(6) Section 625 of the FW Act (which deals with delegation by the President of functions and powers of FWA) has effect as if subsection (2) of that section included a reference to FWA’s powers under subitem (5). 8

[22] The modern awards objective is set out in s.134 of the Fair Work Act 2009 (the FW Act):

    “134 The modern awards objective

    What is the modern awards objective?

    (1) The FWC must ensure that modern awards,together with the National Employment Standards,provide a fair and relevant minimum safety net of terms and conditions,taking into account:

      (a) relative living standards and the needs of the low paid;and

      (b) the need to encourage collective bargaining;and

      (c) the need to promote social inclusion through increased workforce participation;and

      (d) the need to promote flexible modern work practices and the efficient and productive performance of work;and

      (e) the principle of equal remuneration for work of equal or comparable value;and

      (f) the likely impact of any exercise of modern award powers on business,including on productivity,employment costs and the regulatory burden;and

      (g) the need to ensure a simple,easy to understand,stable and sustainable modern award system for Australia that avoids unnecessary overlap of modern awards;and

      (h) the likely impact of any exercise of modern award powers on employment growth,inflation and the sustainability,performance and competitiveness of the national economy.

      This is the modern awards objective.”

[23] The legislative context for the Transitional Review was comprehensively dealt with in a Full Bench decision 9 of 29 June 2012 (the June 2012 Full Bench decision). The Full Bench in Modern Awards Review 2012 - Penalty Rates10 further observed as follows:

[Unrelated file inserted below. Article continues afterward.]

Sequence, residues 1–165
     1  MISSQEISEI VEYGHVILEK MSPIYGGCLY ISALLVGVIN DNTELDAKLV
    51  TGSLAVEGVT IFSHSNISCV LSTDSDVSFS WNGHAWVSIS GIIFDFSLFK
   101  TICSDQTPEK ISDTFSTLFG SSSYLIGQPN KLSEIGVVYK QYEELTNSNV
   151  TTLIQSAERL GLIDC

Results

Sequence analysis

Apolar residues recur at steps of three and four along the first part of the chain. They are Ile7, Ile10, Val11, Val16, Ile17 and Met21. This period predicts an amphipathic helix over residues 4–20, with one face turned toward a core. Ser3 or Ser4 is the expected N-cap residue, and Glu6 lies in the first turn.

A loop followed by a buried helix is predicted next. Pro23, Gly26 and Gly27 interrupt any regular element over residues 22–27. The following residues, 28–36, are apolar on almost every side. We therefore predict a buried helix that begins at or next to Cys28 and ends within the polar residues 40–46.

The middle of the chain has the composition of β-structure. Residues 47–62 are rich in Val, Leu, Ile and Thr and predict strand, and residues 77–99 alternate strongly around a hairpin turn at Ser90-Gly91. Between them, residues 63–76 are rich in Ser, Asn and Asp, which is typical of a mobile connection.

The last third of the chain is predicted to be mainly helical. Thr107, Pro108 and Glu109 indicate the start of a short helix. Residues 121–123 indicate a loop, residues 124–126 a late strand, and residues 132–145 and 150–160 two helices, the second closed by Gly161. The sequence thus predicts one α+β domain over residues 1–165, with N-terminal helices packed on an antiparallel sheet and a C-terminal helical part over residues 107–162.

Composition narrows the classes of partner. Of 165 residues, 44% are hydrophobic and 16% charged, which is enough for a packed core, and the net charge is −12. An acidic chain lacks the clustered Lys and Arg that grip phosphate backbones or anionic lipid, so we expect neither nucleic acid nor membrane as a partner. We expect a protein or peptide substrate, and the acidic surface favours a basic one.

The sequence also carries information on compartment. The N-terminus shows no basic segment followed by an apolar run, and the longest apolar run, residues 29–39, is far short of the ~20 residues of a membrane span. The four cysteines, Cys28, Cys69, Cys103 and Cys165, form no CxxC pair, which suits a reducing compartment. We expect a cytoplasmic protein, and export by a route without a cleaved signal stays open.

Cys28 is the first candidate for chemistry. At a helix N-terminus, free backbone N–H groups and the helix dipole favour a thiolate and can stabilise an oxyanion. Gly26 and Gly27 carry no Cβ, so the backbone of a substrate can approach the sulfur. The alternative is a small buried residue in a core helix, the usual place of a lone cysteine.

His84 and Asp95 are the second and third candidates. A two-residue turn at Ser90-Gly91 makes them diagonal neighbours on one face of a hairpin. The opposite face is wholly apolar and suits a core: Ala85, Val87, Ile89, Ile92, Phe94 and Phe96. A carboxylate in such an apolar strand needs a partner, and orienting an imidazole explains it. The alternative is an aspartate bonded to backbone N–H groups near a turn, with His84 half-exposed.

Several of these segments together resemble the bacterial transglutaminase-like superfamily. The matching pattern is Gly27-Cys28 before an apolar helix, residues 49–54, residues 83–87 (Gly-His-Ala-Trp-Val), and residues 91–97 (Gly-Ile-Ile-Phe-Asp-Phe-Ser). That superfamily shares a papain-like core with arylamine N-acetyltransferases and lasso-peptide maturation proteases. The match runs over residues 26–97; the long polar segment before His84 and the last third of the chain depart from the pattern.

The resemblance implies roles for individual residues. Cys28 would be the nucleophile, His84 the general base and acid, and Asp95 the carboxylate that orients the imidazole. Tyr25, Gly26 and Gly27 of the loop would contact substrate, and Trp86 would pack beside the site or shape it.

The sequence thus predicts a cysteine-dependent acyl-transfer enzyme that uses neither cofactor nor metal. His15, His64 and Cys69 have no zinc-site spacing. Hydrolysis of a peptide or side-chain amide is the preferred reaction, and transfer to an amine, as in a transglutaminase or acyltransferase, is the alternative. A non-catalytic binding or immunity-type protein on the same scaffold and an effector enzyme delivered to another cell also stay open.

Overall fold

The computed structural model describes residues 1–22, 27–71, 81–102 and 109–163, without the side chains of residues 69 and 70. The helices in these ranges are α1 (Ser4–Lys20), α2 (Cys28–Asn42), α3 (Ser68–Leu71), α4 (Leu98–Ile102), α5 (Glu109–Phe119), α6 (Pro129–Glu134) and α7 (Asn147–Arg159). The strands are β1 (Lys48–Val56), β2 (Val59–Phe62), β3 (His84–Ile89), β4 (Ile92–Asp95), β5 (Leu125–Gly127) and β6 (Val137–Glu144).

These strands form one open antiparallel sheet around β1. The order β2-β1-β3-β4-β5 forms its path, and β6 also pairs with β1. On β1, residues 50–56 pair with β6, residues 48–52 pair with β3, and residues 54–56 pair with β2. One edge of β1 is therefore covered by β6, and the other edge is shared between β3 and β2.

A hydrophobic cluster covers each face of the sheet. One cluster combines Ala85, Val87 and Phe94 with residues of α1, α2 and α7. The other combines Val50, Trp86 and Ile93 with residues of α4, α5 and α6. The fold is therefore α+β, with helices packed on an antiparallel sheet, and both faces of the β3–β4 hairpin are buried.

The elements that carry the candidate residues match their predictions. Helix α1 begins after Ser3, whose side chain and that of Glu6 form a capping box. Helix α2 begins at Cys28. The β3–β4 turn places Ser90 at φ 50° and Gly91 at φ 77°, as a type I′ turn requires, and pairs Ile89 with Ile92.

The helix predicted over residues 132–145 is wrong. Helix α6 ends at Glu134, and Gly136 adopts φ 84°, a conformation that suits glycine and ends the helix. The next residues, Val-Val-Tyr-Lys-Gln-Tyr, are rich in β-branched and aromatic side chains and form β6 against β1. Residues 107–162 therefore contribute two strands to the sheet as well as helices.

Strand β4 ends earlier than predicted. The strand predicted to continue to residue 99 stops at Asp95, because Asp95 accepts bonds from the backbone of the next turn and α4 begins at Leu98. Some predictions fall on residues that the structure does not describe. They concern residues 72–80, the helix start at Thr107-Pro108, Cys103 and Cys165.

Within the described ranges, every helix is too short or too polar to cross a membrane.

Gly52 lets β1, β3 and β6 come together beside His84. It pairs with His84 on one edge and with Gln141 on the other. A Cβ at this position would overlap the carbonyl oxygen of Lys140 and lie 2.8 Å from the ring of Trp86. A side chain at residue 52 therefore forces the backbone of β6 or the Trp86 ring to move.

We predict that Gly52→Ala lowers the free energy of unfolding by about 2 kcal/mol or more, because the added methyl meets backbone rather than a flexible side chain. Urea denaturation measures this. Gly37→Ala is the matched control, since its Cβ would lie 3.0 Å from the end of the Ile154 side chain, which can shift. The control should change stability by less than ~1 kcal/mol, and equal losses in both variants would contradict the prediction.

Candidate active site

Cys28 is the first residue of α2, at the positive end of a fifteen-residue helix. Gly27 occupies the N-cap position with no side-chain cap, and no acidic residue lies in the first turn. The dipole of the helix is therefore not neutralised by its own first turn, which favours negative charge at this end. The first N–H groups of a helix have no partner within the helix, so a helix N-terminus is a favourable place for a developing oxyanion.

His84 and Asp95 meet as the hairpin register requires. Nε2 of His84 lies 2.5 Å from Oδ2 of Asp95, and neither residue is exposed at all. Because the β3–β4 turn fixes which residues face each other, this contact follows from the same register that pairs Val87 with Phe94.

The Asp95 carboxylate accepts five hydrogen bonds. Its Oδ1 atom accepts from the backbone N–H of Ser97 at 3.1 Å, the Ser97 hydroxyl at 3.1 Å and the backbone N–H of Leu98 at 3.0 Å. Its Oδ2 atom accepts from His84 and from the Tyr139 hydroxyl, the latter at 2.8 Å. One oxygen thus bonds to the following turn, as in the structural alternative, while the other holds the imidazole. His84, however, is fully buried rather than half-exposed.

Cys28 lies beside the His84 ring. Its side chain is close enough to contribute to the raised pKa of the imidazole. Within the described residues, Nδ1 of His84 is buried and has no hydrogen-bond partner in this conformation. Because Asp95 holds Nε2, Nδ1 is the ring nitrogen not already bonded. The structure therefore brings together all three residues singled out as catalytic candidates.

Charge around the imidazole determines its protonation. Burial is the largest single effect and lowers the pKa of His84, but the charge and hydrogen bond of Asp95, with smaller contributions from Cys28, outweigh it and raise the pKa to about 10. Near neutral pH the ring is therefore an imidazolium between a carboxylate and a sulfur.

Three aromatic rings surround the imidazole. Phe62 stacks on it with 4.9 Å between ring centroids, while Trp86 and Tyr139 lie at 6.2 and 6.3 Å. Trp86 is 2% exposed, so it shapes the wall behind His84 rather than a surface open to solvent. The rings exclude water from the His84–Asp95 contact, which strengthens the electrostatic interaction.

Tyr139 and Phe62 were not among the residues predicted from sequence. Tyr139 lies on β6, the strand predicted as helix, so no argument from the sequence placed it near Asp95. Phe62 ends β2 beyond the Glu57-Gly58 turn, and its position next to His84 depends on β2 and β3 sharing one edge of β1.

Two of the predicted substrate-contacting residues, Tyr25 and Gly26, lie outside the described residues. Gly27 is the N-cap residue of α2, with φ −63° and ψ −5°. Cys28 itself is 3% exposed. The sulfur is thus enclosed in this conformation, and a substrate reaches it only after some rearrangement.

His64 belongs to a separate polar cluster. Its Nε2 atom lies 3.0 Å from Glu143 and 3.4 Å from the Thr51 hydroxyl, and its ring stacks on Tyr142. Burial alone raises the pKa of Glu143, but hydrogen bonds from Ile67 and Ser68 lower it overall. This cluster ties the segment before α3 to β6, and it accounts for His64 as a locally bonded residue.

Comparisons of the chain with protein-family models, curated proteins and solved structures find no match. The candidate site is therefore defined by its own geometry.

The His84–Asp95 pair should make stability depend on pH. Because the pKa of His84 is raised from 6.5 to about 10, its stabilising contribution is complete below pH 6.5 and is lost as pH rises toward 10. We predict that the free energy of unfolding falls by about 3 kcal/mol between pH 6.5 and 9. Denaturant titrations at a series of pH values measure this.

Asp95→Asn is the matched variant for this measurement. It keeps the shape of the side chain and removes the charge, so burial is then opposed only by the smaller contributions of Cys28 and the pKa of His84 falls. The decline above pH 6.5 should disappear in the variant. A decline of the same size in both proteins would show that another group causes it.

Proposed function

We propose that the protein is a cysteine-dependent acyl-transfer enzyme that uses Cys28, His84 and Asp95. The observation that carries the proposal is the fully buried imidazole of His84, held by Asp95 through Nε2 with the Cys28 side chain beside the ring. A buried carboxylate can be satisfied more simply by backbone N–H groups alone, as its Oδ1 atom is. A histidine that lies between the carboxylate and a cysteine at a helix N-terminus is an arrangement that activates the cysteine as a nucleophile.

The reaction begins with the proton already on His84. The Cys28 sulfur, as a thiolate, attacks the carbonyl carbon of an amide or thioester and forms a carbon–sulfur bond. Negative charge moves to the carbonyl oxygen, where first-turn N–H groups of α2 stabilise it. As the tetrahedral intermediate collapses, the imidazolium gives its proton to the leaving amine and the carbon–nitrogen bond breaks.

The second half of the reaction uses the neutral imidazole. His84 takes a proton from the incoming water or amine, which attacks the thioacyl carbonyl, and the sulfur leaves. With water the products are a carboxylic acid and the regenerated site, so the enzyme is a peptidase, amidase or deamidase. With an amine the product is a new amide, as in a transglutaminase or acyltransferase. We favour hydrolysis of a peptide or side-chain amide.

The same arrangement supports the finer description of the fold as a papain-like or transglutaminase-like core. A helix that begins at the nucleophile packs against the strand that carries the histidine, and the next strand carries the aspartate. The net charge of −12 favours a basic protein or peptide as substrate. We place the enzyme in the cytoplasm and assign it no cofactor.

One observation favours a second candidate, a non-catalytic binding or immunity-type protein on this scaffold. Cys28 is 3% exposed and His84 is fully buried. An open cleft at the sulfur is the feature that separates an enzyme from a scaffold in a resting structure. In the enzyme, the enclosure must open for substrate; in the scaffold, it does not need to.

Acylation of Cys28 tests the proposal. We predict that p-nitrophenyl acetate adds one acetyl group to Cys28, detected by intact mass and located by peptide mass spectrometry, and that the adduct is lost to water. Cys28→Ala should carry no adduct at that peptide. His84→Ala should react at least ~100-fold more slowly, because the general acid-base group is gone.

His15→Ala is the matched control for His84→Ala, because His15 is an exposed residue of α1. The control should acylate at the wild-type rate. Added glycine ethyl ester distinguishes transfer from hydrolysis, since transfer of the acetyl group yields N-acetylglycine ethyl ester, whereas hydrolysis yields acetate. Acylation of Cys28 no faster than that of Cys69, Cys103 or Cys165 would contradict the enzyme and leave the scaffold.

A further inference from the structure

“[8] The June 2012 Full Bench decision construed Item 6 according to its terms,having regard to the context and legislative purpose. Part of that context was the award modernisation process conducted by the former Australian Industrial Relations Commission under Part 10A of the Workplace Relations Act 1996 (Cth) (the WR Act). We deal with the award modernisation process in section 2 of this decision.

    [9] The June 2012 Full Bench decision observed that two points about this historical context were particularly relevant:

      “The first is that awards made as a result of the award modernisation process are now deemed to be modern awards for the purposes of the FW Act (see Item 4 of Schedule 5 of the Transitional Provisions Act). Implicit in this is a legislative acceptance that the terms of the existing modern awards are consistent with the modern awards objective. The second point to observe is that the considerations specified in the legislative test applied by the Tribunal in the Part 10A process is,in a number of important respects,identical or similar to the modern awards objective which now appears in s.136...”

    [10] The June 2012 Full Bench decided that two other textual considerations were also relevant. The first is that subitem 6(2)(b) of Schedule 5 directs specific attention to whether modern awards ‘are operating effectively,without anomalies or technical problems arising from the Part 10A award modernisation process.’No such legislative direction is reflected in the provisions which deal with the 4 yearly review of modern awards (s.156 of the Act).

    [11] The second textual consideration is that,Item 6 does not prescribe how the Commission is to be constituted for the purpose of conducting the Transitional Review. This may be contrasted with the 4 yearly reviews provided in s.156 and the award modernisation process under Part 10A of the WR Act,both of which are to be conducted by a Full Bench. The fact that the Transitional Review of a modern award may be conducted by a single member also suggests that the legislature contemplated that the Transitional Review would be more confined in scope that the 4 yearly reviews in s.156.

    [12] These considerations led the June 2012 Full Bench to conclude as follows: